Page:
What’s the holdup for Minnesota’s database?

Posted by: on May 17, 2008 | No Comments

Todd Kruse’s crusade to have the sun shine in on Minnesota state government spending got some ink in a 5/16 Star Tribune editorial, “A blogger’s quest: Where’s the database?” Kruse seeks to have the Minnesota Department of Administration fully implement last year’s State Government and Omnibus Act. To comply with the 2007 Act, the state needs to create a database to track spending on contracts and grants.

Kruse is not alone in his quest. The National Taxpayer’s Union is one of several groups tracking similar developments on the state level on its site, www.showmethespending.com. Good for Todd Kruse and the National Taxpayer’s Union for their diligence in pursuing transparency in government.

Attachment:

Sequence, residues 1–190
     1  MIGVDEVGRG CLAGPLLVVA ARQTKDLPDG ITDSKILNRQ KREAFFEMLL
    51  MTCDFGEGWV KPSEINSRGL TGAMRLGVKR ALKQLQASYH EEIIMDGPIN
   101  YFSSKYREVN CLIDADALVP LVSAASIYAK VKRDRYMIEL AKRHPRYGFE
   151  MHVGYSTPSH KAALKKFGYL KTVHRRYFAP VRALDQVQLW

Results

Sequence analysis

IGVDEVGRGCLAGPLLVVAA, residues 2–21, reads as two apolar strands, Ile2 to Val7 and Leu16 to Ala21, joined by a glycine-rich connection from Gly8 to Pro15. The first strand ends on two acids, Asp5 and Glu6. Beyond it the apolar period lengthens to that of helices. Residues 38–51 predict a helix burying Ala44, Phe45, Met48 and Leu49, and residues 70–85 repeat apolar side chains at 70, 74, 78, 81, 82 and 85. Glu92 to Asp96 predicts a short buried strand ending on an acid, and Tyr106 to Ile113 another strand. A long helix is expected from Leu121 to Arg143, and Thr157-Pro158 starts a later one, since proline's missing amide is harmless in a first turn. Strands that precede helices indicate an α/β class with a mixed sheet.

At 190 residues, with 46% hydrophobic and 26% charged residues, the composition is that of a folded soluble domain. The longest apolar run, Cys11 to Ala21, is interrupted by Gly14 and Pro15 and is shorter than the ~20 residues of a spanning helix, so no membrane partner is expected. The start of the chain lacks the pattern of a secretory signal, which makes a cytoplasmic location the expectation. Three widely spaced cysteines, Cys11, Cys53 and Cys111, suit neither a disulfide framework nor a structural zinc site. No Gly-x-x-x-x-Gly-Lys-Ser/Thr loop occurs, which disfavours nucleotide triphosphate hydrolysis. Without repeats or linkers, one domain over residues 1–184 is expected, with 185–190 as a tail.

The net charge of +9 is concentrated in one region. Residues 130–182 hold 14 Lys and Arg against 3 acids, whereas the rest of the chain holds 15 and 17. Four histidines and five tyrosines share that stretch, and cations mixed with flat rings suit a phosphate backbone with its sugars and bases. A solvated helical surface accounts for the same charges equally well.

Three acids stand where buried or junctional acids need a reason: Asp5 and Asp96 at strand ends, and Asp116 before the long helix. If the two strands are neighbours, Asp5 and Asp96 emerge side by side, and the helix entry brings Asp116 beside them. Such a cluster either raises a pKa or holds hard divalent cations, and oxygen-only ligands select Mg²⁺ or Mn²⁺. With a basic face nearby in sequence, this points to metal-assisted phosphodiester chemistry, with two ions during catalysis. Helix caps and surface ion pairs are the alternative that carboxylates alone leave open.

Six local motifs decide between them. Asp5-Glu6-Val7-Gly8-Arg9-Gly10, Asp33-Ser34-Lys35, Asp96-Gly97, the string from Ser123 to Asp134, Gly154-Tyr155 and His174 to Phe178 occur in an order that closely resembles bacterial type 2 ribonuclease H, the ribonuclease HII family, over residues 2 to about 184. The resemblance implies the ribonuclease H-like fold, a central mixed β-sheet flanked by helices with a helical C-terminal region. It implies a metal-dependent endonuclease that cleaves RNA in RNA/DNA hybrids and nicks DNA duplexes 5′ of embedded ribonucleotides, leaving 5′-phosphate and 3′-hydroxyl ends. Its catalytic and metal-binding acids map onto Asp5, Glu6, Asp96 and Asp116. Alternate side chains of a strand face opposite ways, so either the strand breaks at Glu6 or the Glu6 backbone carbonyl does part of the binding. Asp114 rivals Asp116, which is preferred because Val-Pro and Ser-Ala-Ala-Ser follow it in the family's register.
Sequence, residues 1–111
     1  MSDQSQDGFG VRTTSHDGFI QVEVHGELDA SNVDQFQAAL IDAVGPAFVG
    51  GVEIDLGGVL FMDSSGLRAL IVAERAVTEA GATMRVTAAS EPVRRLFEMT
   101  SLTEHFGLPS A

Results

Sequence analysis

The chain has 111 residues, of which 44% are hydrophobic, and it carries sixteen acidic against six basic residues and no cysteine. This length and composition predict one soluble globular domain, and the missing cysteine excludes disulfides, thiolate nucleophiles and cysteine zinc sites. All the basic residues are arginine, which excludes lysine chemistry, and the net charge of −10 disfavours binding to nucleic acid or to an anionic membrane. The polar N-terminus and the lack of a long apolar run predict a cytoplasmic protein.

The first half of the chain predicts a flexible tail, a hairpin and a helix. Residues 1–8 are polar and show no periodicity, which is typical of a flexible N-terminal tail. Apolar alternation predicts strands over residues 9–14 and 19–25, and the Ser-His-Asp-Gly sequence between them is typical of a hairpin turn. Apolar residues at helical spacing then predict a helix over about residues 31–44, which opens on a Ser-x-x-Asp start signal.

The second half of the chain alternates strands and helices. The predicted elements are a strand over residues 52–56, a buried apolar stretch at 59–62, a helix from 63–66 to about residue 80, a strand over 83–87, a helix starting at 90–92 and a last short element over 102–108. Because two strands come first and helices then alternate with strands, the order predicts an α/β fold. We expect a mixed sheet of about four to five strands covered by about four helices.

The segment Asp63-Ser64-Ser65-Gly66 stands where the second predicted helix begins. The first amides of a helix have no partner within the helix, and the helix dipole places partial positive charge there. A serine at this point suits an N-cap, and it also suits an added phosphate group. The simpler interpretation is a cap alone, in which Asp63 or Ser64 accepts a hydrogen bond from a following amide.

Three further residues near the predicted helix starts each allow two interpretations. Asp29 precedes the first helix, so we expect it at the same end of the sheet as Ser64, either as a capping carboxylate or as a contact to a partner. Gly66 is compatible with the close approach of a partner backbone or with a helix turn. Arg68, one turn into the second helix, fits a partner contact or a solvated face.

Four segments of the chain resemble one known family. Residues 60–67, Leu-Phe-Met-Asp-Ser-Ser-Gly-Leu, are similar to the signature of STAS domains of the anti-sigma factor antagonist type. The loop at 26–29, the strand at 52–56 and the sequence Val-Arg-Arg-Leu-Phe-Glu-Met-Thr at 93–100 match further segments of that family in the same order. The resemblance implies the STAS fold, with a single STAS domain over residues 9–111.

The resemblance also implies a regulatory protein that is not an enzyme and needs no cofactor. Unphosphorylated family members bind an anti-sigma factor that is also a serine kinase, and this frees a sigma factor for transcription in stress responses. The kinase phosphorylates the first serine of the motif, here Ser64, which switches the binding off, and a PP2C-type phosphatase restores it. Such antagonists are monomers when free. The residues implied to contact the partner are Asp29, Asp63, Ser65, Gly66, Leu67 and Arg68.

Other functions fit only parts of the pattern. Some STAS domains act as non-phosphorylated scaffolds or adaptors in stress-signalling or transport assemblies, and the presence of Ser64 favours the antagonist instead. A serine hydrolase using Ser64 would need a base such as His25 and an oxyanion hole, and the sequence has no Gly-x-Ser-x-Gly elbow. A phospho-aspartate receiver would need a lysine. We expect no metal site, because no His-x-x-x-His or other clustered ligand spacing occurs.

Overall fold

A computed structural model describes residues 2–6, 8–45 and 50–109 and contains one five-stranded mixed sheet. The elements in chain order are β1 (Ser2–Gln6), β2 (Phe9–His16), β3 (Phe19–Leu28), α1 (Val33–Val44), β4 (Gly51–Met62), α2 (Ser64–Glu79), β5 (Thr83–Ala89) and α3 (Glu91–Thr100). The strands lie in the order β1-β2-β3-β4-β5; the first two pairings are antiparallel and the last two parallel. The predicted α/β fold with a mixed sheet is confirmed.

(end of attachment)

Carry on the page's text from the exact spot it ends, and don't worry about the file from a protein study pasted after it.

What’s the holdup for Minnesota’s database? It’s not lack of software; it’s readily available. The Minnesota Department of Administration estimates the cost at $1 to $1.5 million, and cites lack of dedicated funding. The cost of such a database is not as high as the Department antidicpates. The federal government implemented software that tracked spending for ~$200K last year – a fraction of the state’s estimate.

Here’s the evolution of the database tracking software. In 2006, OMB Watch devised fedspending.org. In 2007, the federal government found it to be so compelling that it adopted it as its own. And so, usaspending.gov was born. The same software the feds use is – and has been – available to Minnesota. The mandate from the legislature is almost a year old. Only the data appears to be lacking. Could 2008 be the year MN gets its database to track its own spending?

Helen Burke, hburke@hclib.org